• Improve floor coverings, such as by removing rugs that are tripping hazards.
  • Allow more space for walking, and don't rely on furniture for walking.
  • Install railings.
  • Keep one walker upstairs and one downstairs.
  • Wear flat shoes.
  • Limit walking when distracted.
  • Use walkers and other assistive devices as prescribed.

An occupational therapist can help patients recovering from a stroke better manage daily activities and maintain as much independence as possible.

Summary

If you suspect that someone is having a stroke, call 911 immediately. The faster the person can get medical attention, the better their chance of recovery. Symptoms to look for include face drooping, arm or leg weakness, limb or face numbness, difficulty speaking, or severe headache with no known cause.

When you call 911, let the dispatcher know that the person has stroke symptoms, let medical personnel know when the stroke symptoms began, stay calm, and give CPR only if the person does not have a pulse or stops breathing.

A Word From Verywell

Watching someone experience stroke symptoms can be frightening. But it's crucial to act quickly to ensure the person has the best chance of recovery. If you or someone around you experiences stroke symptoms or any decline in neurological function, call 911 as soon as possible.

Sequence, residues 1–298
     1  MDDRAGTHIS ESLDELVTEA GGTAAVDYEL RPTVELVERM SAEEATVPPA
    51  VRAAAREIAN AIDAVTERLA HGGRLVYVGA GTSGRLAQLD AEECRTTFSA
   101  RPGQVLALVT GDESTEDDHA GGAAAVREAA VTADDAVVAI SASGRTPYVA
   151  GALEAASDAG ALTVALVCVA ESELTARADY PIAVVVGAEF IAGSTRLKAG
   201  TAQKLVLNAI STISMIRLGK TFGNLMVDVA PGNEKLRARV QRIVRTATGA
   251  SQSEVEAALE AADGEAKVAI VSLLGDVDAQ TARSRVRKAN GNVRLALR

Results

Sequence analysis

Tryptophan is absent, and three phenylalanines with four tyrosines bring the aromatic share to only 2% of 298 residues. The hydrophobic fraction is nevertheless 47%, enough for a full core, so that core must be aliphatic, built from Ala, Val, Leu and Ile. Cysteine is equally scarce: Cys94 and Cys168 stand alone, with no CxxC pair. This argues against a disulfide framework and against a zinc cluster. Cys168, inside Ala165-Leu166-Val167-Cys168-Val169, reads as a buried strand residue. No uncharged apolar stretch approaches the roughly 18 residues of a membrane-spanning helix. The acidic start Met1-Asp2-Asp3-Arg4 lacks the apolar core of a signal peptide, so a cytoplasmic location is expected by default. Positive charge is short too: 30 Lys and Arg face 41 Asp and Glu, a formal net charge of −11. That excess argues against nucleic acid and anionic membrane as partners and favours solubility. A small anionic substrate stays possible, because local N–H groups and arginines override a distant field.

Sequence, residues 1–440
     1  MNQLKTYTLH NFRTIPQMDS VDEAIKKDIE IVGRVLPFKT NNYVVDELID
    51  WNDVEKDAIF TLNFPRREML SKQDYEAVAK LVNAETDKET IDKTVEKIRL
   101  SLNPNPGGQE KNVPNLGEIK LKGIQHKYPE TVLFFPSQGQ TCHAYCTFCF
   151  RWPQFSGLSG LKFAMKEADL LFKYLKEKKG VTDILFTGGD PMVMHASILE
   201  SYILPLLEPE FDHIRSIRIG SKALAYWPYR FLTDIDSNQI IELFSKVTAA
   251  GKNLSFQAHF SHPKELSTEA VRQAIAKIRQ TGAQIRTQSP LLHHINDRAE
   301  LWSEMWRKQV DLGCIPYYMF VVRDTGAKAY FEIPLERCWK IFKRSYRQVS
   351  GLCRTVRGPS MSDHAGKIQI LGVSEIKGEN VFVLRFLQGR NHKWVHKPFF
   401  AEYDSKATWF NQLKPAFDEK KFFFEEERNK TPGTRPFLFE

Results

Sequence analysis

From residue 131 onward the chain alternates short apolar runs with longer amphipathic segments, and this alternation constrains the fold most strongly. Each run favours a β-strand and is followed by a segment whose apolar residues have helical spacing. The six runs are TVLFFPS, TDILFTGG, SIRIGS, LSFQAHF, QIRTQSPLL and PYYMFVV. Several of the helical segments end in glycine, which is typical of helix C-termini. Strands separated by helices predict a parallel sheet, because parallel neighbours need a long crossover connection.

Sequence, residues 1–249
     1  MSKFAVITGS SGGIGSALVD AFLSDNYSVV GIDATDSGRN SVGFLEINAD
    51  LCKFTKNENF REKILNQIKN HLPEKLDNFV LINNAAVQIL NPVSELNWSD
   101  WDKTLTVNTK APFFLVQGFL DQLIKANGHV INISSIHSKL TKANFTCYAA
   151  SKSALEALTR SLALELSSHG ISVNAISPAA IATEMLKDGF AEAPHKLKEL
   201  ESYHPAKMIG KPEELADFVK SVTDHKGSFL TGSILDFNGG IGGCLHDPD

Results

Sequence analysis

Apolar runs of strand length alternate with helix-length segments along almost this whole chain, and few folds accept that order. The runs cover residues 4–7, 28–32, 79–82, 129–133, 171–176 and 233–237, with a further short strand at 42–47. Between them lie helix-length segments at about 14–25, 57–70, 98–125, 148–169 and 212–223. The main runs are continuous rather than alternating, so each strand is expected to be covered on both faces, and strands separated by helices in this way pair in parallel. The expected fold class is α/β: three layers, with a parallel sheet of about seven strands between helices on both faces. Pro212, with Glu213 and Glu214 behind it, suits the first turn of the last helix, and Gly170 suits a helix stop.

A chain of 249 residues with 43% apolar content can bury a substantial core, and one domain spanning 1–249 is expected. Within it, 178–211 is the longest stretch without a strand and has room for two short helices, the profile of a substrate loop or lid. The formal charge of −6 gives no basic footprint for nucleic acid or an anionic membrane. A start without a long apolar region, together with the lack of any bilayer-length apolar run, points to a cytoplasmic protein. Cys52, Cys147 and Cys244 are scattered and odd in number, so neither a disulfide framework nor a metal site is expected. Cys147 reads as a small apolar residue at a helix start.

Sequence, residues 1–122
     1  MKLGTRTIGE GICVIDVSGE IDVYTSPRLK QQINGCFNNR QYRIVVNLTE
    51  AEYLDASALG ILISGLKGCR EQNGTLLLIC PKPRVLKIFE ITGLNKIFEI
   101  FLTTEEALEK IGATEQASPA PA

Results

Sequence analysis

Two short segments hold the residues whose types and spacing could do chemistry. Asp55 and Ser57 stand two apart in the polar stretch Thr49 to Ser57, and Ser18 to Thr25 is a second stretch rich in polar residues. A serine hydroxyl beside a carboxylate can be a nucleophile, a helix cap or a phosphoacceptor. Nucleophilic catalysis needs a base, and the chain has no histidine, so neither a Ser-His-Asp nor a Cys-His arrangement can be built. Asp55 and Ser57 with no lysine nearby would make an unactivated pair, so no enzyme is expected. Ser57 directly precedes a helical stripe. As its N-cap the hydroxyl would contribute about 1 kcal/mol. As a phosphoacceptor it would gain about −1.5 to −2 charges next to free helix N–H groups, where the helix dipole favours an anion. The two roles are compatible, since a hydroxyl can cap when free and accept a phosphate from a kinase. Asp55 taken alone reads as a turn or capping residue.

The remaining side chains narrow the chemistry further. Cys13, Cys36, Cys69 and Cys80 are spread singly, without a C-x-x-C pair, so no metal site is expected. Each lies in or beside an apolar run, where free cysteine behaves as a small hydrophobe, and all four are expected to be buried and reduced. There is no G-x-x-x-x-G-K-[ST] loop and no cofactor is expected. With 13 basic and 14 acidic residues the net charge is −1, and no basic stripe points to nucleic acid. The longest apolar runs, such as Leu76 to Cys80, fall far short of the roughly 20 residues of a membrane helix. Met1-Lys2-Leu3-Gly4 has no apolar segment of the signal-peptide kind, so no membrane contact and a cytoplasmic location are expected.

Frequently Asked Questions

  • What are the common warning signs of a stroke?

    Stroke signs to look for include sudden changes such as:

    • Numbness and weakness on the face, arms, or legs on one or both sides of the body
    • Confusing speech or trouble speaking
    • Difficulty seeing in one or both eyes
    • Difficulty walking, loss of balance, or coordination issues
    • Extreme headache with unknown cause
  • How can you prepare your home for a stroke?

    Some of the changes you can make at home following a stroke are:

    • Improving floor coverings, such as removing rugs, which are tripping hazards
    • Allowing more space for walking and don't rely on furniture for walking
    • Installing handrails
    • Keeping one walker upstairs and one downstairs
    • Wearing flat shoes
    • Limiting walking when distracted
    • Using walkers and other assistive devices as prescribed